Adult Summer Reading: Week 6

by West Bend Library on 2022-07-11 08:00:00

Welcome back to Week 6 of our adult summer reading digital displays! If you’re new to Read Beyond the Beaten Path, check out our Week 1 post here. You can also download a reading log, get more information about the program and prizes, or sign up to complete the program on Beanstack. Reminder that these posts only pertain to the adult reading program — come visit us to learn more about the youth reading program!

Completed paper reading logs (at least five books read from five categories) can be returned to the Reference Desk beginning today, July 11, until Tuesday, August 2. If you're completing the program on Beanstack, earning the "Summer Reading Champ" badge by logging five books means you've completed the program!

This week’s displays are all about books that have been banned or challenged and memoirs written by women. According to the American Library Association's Freedom to Read Statement, "No art or literature can flourish if it is to be measured by the political views or private lives of its creators. No society of free people can flourish that draws up lists of writers to whom it will not listen, whatever they may have to say." This statement applies to both the banned and challenged books and the memoirs listed below, and the overlap between the two categories is often wide-ranging. We're here to provide access to these materials during Read Beyond the Beaten Path and all year long!

Next to each book is its catalog entry (so you can put it on hold), a link to a summary of the book, and where you can find it as an e-book or e-audiobook, if applicable — Libby (L) and/or Hoopla (H).

Banned or Challenged

A graphic showing the covers of Gender Queer by Maia Kobabe, Lawn Boy by Jonathan Evison, All Boys Aren't Blue by George M. Johnson, Out of Darkness by Ashley Hope Pérez, and The Hate U Give by Angie Thomas. There is also a quote from the American Library Association's 2021 most challenged books list that says, Library staff in every state faced an unprecedented number of attempts to ban books. ALA’s Office for Intellectual Freedom tracked 729 challenges to library, school and university materials and services in 2021, resulting in more than 1,597 individual book challenges or removals. Most targeted books were by or about Black or LGBTQIA+ persons.

(L = Libby, H = Hoopla)

Fiction

The Absolutely True Diary of a Part-Time Indian by Sherman Alexie
( catalog entry | summary | L )

The Handmaid's Tale by Margaret Atwood
( catalog entry | summary | L, H )

Lawn Boy by Jonathan Evison
( catalog entry | summary | H )

Looking for Alaska by John Green
( catalog entry | summary | L )

The Kite Runner by Khaled Hosseini
( catalog entry | summary | L )

To Kill a Mockingbird by Harper Lee
( catalog entry | summary | L, H )

Two Boys Kissing by David Levithan
( catalog entry | summary | L )

The Bluest Eye by Toni Morrison
( catalog entry | summary | L )

Out of Darkness by Ashley Hope Pérez
( catalog entry | summary | L )

Nineteen Minutes by Jodi Picoult
( catalog entry | summary | L )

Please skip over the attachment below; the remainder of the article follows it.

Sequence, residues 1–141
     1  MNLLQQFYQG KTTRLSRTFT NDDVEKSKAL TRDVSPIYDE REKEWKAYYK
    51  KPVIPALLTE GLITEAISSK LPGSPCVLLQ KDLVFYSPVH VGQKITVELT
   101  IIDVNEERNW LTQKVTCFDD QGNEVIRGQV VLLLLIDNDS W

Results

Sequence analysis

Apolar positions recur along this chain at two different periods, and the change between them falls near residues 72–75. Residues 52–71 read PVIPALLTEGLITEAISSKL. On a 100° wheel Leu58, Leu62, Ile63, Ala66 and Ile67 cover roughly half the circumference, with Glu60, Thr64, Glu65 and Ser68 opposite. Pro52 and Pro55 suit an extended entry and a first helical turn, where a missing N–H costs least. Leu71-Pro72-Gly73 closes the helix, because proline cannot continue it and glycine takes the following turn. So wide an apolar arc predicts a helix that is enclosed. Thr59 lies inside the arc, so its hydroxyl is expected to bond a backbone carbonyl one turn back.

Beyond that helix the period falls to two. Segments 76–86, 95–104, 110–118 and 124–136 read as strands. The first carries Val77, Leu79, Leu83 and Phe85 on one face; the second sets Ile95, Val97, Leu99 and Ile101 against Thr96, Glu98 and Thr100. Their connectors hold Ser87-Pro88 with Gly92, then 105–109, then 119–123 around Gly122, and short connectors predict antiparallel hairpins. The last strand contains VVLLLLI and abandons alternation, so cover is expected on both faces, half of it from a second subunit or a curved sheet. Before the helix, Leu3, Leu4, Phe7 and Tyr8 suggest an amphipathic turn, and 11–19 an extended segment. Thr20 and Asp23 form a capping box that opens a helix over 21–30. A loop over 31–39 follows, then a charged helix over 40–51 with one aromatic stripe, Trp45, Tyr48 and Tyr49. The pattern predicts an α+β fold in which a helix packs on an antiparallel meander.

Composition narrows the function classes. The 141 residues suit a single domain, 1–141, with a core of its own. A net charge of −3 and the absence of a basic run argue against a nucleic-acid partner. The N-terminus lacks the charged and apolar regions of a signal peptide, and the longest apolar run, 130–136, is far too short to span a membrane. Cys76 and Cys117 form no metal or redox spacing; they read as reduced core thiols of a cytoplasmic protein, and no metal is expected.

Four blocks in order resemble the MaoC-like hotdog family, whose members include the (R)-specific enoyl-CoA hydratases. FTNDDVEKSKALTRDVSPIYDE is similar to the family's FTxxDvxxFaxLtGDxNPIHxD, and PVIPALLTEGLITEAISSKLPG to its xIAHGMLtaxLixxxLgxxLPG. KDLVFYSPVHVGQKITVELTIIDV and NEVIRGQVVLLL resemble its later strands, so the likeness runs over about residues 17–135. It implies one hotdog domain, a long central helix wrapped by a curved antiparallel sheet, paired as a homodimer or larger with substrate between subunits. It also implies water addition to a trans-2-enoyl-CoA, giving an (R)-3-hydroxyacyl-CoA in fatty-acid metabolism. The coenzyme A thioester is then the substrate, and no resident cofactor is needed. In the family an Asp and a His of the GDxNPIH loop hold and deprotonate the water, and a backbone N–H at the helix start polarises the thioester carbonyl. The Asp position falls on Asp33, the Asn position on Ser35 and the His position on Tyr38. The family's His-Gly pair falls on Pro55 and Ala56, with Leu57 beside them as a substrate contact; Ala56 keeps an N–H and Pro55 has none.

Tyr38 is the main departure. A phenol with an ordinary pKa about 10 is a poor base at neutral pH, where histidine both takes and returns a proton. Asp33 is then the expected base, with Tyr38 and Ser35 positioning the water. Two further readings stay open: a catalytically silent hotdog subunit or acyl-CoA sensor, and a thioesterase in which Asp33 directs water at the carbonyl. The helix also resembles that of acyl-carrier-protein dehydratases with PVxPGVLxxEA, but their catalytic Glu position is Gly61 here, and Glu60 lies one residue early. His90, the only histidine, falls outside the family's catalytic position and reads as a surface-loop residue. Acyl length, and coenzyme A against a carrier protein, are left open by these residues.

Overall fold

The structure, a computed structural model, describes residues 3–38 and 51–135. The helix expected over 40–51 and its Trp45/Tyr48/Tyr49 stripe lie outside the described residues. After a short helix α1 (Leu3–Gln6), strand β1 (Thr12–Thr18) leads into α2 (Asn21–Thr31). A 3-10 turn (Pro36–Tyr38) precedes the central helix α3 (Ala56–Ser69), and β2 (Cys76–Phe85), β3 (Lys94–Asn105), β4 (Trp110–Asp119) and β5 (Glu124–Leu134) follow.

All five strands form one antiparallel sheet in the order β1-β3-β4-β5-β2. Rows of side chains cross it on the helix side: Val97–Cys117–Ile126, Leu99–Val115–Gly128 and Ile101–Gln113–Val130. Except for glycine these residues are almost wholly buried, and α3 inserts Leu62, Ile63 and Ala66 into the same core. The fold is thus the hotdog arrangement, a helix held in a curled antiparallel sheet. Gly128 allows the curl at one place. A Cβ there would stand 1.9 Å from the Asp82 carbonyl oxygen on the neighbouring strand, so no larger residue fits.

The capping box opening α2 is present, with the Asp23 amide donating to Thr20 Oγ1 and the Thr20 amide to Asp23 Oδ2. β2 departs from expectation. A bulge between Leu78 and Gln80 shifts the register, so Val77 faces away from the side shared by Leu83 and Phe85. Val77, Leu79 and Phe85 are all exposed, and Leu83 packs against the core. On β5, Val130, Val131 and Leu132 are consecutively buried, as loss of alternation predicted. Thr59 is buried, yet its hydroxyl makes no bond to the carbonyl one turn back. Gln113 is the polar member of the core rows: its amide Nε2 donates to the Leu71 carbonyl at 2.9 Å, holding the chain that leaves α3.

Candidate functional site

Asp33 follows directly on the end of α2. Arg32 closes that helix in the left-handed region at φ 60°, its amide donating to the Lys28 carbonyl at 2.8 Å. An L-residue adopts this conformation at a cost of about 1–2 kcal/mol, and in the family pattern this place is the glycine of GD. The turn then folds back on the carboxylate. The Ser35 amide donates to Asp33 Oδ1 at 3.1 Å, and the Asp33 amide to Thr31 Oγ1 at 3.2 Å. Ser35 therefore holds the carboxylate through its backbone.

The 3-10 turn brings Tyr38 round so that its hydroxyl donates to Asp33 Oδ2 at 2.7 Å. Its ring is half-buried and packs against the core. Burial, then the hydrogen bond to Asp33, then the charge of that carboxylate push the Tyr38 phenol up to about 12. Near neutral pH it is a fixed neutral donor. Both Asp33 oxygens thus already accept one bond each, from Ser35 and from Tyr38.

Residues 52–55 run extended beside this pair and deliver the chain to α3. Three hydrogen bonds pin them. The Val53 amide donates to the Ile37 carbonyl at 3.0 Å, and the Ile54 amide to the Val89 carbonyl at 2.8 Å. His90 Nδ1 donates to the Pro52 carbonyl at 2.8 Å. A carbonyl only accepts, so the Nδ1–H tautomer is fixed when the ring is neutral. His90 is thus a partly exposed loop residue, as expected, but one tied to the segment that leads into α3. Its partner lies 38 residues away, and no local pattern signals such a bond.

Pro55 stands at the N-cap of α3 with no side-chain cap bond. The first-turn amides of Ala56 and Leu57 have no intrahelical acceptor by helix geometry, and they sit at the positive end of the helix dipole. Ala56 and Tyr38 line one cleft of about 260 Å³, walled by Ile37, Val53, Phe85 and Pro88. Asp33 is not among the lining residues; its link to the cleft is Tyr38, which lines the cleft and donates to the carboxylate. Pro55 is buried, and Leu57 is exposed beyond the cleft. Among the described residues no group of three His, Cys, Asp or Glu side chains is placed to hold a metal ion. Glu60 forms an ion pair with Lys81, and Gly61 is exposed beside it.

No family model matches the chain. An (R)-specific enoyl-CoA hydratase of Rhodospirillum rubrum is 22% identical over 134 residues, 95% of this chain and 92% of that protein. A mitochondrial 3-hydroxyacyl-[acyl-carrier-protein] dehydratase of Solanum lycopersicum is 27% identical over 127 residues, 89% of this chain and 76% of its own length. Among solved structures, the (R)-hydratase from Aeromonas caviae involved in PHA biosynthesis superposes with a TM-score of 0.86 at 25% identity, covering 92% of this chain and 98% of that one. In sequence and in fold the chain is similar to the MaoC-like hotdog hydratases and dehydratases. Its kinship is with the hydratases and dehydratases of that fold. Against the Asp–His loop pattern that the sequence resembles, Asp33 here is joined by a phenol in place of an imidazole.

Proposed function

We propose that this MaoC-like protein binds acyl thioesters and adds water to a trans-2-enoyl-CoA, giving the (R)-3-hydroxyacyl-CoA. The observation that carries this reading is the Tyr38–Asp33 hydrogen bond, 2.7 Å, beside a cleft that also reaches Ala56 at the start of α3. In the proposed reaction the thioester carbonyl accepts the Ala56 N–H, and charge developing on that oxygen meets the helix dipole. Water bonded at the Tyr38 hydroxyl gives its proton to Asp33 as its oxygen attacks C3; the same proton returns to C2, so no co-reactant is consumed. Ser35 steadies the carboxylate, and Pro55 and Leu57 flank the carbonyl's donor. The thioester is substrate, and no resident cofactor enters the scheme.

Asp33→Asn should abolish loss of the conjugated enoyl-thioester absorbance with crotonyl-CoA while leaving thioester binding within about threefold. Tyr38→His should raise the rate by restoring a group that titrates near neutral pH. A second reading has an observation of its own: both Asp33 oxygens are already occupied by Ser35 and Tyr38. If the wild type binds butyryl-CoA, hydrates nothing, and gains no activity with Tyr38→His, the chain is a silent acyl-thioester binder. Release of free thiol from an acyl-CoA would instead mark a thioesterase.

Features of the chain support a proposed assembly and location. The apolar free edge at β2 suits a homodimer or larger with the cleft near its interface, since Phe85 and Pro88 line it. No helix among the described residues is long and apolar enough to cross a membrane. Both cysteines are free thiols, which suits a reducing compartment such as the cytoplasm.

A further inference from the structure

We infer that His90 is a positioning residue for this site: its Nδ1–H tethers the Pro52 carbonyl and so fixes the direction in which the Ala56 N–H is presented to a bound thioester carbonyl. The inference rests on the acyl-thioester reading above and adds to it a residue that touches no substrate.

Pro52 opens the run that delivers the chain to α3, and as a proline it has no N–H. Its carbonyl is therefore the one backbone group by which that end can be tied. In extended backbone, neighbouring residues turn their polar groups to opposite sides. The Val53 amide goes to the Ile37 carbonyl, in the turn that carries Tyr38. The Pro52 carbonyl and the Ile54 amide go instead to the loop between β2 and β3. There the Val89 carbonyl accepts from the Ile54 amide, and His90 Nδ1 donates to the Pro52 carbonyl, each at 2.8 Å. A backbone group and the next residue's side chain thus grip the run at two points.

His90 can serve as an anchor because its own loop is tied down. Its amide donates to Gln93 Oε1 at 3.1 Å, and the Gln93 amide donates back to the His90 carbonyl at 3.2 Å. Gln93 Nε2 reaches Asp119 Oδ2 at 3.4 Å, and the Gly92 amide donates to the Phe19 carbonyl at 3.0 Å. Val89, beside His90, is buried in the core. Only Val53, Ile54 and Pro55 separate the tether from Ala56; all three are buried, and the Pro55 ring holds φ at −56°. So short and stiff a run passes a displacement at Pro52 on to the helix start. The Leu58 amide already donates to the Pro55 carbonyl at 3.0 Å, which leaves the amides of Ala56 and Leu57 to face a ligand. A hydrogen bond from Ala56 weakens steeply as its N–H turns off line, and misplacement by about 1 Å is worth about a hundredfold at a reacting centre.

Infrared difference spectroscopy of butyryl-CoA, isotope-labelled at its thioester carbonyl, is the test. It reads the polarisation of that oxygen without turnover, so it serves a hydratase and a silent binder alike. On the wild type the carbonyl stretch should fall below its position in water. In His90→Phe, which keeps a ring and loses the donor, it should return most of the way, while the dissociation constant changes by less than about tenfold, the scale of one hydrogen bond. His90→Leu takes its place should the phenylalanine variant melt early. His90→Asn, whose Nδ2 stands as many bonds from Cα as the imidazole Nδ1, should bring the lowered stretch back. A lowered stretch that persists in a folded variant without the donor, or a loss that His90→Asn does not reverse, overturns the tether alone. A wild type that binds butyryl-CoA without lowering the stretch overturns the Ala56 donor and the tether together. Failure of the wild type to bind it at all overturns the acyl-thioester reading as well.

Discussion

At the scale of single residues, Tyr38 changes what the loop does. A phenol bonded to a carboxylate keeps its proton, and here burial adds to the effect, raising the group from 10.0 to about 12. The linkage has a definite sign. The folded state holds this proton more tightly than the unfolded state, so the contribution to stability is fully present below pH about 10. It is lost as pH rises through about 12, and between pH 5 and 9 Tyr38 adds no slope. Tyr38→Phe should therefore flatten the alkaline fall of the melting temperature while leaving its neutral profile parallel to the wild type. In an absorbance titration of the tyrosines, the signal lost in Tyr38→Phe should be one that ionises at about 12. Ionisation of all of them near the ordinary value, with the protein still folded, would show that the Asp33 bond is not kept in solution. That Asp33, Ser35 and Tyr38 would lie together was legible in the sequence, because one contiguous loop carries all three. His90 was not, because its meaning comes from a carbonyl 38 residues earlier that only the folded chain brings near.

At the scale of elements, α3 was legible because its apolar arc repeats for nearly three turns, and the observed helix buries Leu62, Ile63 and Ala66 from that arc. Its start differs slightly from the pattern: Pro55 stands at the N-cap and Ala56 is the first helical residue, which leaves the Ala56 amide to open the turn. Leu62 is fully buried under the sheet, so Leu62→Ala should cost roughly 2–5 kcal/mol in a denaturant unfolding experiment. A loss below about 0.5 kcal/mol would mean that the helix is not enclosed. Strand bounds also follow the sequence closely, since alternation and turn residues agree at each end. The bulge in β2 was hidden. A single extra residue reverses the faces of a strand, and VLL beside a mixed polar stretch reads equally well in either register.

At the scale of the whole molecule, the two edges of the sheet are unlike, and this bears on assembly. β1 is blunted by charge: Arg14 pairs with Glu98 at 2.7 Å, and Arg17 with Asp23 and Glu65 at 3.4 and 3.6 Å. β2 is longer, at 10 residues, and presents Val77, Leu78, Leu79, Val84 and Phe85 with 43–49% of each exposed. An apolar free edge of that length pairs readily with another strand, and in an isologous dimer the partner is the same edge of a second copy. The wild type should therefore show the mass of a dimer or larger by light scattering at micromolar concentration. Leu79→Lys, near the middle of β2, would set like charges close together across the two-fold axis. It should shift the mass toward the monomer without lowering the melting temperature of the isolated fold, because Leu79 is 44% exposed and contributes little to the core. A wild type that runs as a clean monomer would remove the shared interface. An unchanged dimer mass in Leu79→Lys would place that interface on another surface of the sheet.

All American Boys by Jason Reynolds and Brendan Kiely
( catalog entry | summary | L )

This One Summer by Mariko Tamaki and Jillian Tamaki
( catalog entry | summary | L )

The Hate U Give by Angie Thomas
( catalog entry | summary | L, H )

Nonfiction

I Know Why the Caged Bird Sings by Maya Angelou
( catalog entry | summary | L )

Fun Home by Alison Bechdel
( catalog entry | summary  )

This Book is Gay by Juno Dawson
( catalog entry | summary | L, H )

The Diary of a Young Girl by Anne Frank
( catalog entry | summary | L, H )

All Boys Aren't Blue by George M. Johnson
( catalog entry | summary | L, H )

Gender Queer by Maia Kobabe
( catalog entry | summary | L, H )

Beyond Magenta by Susan Kuklin
( catalog entry | summary | L )

Stamped from the Beginning by Ibram X. Kendi
( catalog entry | summary | L, H )

BONUS: The American Library Association released its list of the Top 10 Most Challenged Books of 2021 during National Library Week on April 4, 2022.

Memoirs Written by Women

A graphic showing the covers of Persepolis by Marjane Satrapi, The Glass Castle by Jeannette Walls, Know My Name by Chanel Miller, and Hunger by Roxane Gay. Photos of the authors accompany each cover.

(L = Libby, H = Hoopla)

Hyperbole and a Half by Allie Brosh
( catalog entry | summary | L )

The Year of Magical Thinking by Joan Didion
( catalog entry | summary | L, H )

Funny in Farsi by Firoozen Dumas
( catalog entry | summary | L )

Somebody's Daughter: A Memoir by Ashley C. Ford
( catalog entry | summary | L )

Hunger: A Memoir of (My) Body by Roxane Gay
( catalog entry | summary | L )

The Woman Who Watches Over the World by Linda Hogan
( catalog entry | summary  )

Orange is the New Black: My Year in a Women's Prison by Piper Kerman
( catalog entry | summary | L )

H is for Hawk by Helen Macdonald
( catalog entry | summary | L, H )

Heart Berries by Terese Marie Mailhot
( catalog entry | summary | L, H )

Know My Name by Chanel Miller
( catalog entry | summary | L )

Redefining Realness by Janet Mock
( catalog entry | summary | L, H )

The Argonauts by Maggie Nelson
( catalog entry | summary | L, H )

Becoming by Michelle Obama
( catalog entry | summary | L )

Persepolis by Marjane Satrapi
( catalog entry | summary  )

Just Kids by Patti Smith
( catalog entry | summary | L, H )

My Beloved World by Sonia Sotomayor
( catalog entry | summary | L )

The Glass Castle by Jeannette Walls
( catalog entry | summary | L )

Men We Reaped by Jesmyn Ward
( catalog entry | summary | L )

I Am Malala by Malala Yousafzai
( catalog entry | summary | L )


Next week, our summer reading displays will focus on those high-profile books you may have heard of from the New York Times Best Seller List and that have been nominated for or won National Book Awards. Happy reading!